However, as history has shown, most of the negative things Marx said about capitalism have turned out to be false. Feudalism did not collapse into capitalism because of a “necessary” revolution by the serfs against their feudal landlords. Various historical accidents, including the emergence of the “Black Death” in Europe, in ways entirely comprehensible in free market economics, made feudal labor more valuable and the serfs simply picked up their knapsacks and left their feudal landlords for better wages in the cities. The socialist revolution did not occur in England, where Marx predicted it, but in Russia, where he said it could not possibly occur, etc.

However, Marx also said many very positive things about capitalism. Indeed, his exuberant praise of capitalism is unmatched by many of capitalism’s most famous supporters – and most of the positive things Marx said about capitalism have turned out to be true. In fact, Marx agrees with Milton Friedman that capitalism has been the greatest mechanism for lifting people out of poverty the world has ever seen to date. Although Marx got that part right, subsequent “Marxists” have not, in general, noticed.

Furthermore, as Popper has shown, Marx may have intended Marxism as a “scientific” doctrine, but he failed to recognize that his publication of his Marxist views changes the historical equation that he describes in his publications. There is nowhere in Marx’s works that recognizes the possible influence that his publication of his views about the flaws in capitalism will have on the historical development of capitalism – a stunning blind spot.

Fortunately, capitalists, warned by Marx’s publications about the inevitable fall of capitalism in a socialist revolution, modified capitalist behavior in order to avoid Marx’s predicted dire outcome. That is, it is partly thanks to Marx’s publication of his theories that his predictions did not come true – a particularly intriguing instance of Popper’s view that no “historicist” view can be successful because no “historicist” view can predict the future growth of human knowledge. For, Marx’s own contribution to human knowledge, his publications of his theories, added a factor to the historical equation that is not recognized within any of his theories – and, in fact, that factor had a role in falsifying his predictions about the inevitable downfall of capitalism!

As a result of these great failures of Marx’s “original” Marxism, subsequent “Marxists,” were faced by a dilemma. They must either retain Marx’s original view that Marxism is a “science” and admit it has been falsified by the historical facts, or they must decide that Marxism is a mere “narrative” that is neither true nor false but is only useful in advancing various activist political agendas. The “Cultural Marxists,” in an inconsistent alliance with “Post-Modernism,” have chosen the latter. That is certainly the easier path.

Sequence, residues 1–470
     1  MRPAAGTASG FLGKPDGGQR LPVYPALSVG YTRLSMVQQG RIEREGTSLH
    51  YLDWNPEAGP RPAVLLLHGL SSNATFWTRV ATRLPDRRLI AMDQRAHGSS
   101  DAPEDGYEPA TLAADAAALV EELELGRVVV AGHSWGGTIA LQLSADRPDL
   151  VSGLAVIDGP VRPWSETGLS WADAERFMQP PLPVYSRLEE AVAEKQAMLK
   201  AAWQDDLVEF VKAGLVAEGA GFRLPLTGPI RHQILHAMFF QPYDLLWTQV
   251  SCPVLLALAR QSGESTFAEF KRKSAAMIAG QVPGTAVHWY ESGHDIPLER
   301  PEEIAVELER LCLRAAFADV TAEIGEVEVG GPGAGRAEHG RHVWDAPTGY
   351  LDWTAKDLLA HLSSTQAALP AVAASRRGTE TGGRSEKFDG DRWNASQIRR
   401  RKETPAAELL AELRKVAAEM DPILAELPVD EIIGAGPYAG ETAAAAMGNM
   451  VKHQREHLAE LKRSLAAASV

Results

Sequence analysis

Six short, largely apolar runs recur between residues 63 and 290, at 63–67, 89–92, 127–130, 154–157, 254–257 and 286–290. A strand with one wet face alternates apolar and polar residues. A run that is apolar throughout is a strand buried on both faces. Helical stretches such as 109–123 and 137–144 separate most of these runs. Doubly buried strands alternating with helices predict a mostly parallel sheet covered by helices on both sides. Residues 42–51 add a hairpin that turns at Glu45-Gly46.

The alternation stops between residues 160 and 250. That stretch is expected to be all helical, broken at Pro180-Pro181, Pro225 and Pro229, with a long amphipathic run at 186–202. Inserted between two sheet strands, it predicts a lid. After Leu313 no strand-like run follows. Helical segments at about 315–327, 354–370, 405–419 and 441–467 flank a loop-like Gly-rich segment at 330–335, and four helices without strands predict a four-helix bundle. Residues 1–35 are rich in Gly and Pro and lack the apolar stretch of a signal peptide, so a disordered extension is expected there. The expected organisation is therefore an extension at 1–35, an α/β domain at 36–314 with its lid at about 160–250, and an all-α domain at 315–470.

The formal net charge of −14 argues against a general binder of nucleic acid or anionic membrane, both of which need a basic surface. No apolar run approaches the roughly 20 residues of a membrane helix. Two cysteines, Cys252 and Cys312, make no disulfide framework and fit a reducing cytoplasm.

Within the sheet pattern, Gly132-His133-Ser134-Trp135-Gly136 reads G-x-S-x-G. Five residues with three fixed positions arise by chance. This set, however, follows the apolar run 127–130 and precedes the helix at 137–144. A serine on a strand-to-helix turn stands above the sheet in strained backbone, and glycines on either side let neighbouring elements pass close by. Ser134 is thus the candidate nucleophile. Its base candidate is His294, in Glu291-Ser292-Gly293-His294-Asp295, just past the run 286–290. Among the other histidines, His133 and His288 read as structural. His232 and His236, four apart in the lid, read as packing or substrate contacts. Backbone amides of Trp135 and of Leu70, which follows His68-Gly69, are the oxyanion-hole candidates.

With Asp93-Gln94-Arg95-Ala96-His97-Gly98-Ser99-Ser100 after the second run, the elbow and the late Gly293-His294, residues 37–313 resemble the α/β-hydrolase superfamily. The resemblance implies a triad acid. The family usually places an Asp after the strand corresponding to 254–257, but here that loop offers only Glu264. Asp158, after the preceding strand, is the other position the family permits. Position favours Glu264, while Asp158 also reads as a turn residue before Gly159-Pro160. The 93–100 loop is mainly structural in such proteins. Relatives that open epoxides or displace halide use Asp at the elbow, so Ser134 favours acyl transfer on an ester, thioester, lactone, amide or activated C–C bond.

Having abandoned the notion of truth and retreated into their own “safe spaces” of unfalsifiable quasi-religious dogmas, they need not accept the burden of showing that their version of “Marxism” is falsifiable or genuinely scientific because it is not falsifiable and is not a genuine science. Nor need they accept the burden of showing that Marxism is true because it is not true. Once one dispenses with the notion of truth, everything, even the impossible, becomes possible, and very easy, at least in the academic “world of words,” if not in reality.

As a consequence, what is left of “Marxism,” such as it is, only lives on, for the most part, in those self-enclosed bubbles most far removed from reality, certain privileged parts of the “Ivory Tower” and the capitalism-created walled mansions in the Hollywood hills. Engels said that even in his own day, Marx himself stated, “cequ’il y a de certain c’est que moi, je ne suis pas marxiste” (“what is certain is that [if they are Marxists], [then] I myself am not a Marxist”).

Marx himself was a genius, though ultimately wrong about a great deal. That is no shame. It is the normal judgment of history about geniuses. But most of the views that pass for Marxism now are pale quasi-religious dogmas of utility, both for profit and self-gratification, for certain privileged, out of touch elites (but that does not make them less dangerous).

Given that Marx’s critique of capitalism has failed in multiple ways, while his exuberant praise of capitalism has largely been vindicated, it would be foolish to abandon capitalism in favor of these dreaming quasi-Marxist “narratives” prevalent in the “Ivory Tower” and the walled compounds in the Hollywood hills.

Indeed, capitalist countries would do even better at lifting their people out of poverty if their privileged and well-heeled “Marxist” and “progressive” elites did not oppose solving social problems in the hope that fostering hopelessness will hasten the glorious socialist revolution. For if there is one thing that Marxists of all stripes fear even more than Christian charity, it is capitalist solutions to social problems – for the simple reason that capitalist solutions work; and, for the sake of “the revolution,” that is the one thing Marxists and their “progressive” progeny cannot tolerate and, therefore, must censor.

Dr. Richard McDonough works in Anglo-American analytical and Continental philosophy, with a special focus on post-Kantian German thought, as well as psychology. He is the author of The Argument of the Tractatus and Martin Heidegger’s Being and Time. He has taught in various countries, retiring from James Cook University in Australia. He lives in Singapore.

The image shows a detail from “Mexico Today and Tomorrow,” a mural by Diego Rivera, painted in 1935.